Yesterday, Kevin Youkilis
took an HBP from David Hernandez
in the 10th inning against Baltimore, making that his 64 career plunk. That ties him with Jim Rice on the Red Sox
career HBP list, and leaves him just 7 plunks shy of Mo Vaughn's record total of 71. Since Youk got hit a career high 16 times last season, there's every reason to expect that 2010 will end with Kevin Youkilis as the most plunked batter in Red Sox franchise history.
In order to see how Youk has stacked up against Vaughn in the art of HBPs, below is a side by side comparison of Youk's career HBP splits against Mo Vaughn's Red Sox totals (Not including Mo's work with other teams). It's worth mentioning that Mo Vaughn frequently wore a very large arm protector, which would not have been legal in any of the seasons since Youk joined the league. The league banned the use of giant arm protectors in 2000, although some players (Barry Bonds
) used a grandfather clause to continue using them. This is where I'm obliged to mention that Craig Biggio
, the modern master of the plunk and Seton Hall teammate of Vaughns, conformed to the new arm guard rule after 2000, even though he could have used the grandfather clause and kept the huge police-dog-training-sleeve style guard.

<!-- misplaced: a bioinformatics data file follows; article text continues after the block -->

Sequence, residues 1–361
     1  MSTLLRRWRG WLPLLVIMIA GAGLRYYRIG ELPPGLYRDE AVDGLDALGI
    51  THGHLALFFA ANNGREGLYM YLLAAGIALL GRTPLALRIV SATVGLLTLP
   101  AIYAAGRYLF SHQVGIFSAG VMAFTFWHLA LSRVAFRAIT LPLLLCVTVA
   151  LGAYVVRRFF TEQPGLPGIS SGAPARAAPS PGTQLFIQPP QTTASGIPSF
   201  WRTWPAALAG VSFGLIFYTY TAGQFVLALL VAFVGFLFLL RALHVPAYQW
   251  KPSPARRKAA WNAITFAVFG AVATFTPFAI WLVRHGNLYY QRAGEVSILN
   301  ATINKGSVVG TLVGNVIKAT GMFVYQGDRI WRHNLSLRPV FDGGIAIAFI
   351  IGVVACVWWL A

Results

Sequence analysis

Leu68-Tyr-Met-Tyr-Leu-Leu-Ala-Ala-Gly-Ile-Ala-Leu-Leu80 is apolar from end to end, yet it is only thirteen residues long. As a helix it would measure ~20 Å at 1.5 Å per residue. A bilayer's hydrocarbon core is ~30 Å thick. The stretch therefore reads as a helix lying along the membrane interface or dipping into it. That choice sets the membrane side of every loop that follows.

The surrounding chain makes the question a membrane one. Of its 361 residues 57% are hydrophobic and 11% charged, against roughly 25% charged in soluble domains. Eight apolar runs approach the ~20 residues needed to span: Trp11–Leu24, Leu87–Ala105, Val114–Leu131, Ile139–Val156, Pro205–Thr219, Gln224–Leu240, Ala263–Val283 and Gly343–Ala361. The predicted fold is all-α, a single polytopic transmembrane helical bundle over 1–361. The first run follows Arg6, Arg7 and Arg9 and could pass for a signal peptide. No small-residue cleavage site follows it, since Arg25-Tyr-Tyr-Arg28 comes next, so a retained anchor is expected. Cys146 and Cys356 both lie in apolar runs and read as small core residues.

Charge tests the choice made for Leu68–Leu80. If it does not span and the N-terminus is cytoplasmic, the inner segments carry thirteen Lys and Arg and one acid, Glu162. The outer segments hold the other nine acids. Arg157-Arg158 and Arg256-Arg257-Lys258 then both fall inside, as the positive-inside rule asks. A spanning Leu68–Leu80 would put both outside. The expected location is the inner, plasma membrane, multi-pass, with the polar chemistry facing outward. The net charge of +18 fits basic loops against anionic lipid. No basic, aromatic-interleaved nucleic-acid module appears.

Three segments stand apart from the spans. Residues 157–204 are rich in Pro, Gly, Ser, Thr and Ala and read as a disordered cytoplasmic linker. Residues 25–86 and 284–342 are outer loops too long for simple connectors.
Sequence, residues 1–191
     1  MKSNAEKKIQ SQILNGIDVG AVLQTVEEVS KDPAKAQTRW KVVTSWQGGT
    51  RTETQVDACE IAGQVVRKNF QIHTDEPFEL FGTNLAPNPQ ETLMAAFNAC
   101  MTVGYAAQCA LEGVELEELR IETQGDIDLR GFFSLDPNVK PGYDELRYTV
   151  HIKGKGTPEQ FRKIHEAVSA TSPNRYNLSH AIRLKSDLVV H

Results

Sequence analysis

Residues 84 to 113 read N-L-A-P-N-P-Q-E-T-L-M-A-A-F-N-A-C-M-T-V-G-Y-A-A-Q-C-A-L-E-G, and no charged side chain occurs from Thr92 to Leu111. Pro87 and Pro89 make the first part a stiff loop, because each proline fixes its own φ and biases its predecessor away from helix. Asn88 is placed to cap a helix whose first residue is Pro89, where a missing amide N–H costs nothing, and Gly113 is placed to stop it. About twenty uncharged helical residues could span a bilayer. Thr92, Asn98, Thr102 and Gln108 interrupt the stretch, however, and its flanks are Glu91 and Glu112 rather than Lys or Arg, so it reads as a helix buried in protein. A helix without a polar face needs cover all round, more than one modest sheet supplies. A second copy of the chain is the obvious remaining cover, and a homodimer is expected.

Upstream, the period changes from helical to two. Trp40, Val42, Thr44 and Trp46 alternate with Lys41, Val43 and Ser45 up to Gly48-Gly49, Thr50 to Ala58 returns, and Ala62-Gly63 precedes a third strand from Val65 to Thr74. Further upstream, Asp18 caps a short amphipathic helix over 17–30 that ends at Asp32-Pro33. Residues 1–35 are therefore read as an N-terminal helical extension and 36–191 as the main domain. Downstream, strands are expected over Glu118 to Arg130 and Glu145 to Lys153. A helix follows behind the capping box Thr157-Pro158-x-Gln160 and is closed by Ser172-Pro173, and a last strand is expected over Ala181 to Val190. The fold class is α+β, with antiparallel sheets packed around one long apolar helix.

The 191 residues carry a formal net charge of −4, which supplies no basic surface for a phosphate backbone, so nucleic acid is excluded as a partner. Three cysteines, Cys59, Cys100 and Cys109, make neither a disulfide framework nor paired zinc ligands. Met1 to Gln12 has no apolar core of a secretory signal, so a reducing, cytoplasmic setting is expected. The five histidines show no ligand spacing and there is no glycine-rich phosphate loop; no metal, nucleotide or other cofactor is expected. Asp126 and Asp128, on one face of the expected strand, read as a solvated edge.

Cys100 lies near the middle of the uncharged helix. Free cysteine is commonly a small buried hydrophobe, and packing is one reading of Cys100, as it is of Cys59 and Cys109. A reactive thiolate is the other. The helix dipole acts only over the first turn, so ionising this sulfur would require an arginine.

|HBPs by pitcher splits|
|Last initial S||5||10|
*- Pitchers born in the Chinese year of the Rooster
|HBPs by Situation|
|in red sox wins||43||44|
|in red sox losses||28||20|
|in losses to the hated yankees||4||7|
|at Yankee Stadia (old and new)||5||5|
|Odd numbered days of the month||41||32|
|Even numbered days of the month||30||32|
*- Runs Scored indicates instances where the player scored a run after reaching base on the HBP, although in some instances it may have been a pinch-runner who did the actual scoring.
Mike Mussina is the only pitcher who plunked both Youkilis and Vaughn while they played for the Red Sox, although Andy Pettitte
has hit them both, but got Vaughn while he played for the Mets. Mussina plunked Vaughn while pitching for the Orioles, and Youk as a Yankee.
Hopefully this information will help you further enjoy watching Kevin Youkilis ascend into the Red Sox history books, in this grittiest of fashions. Perhaps after he gets this record, next year he'll go after the team's single season record - 35 by Don Baylor in 1986. (That's also the AL single season record, and only David Eckstein
has gotten within 10 HBPs of it since it was set. Eckstein had 27 in 2002.)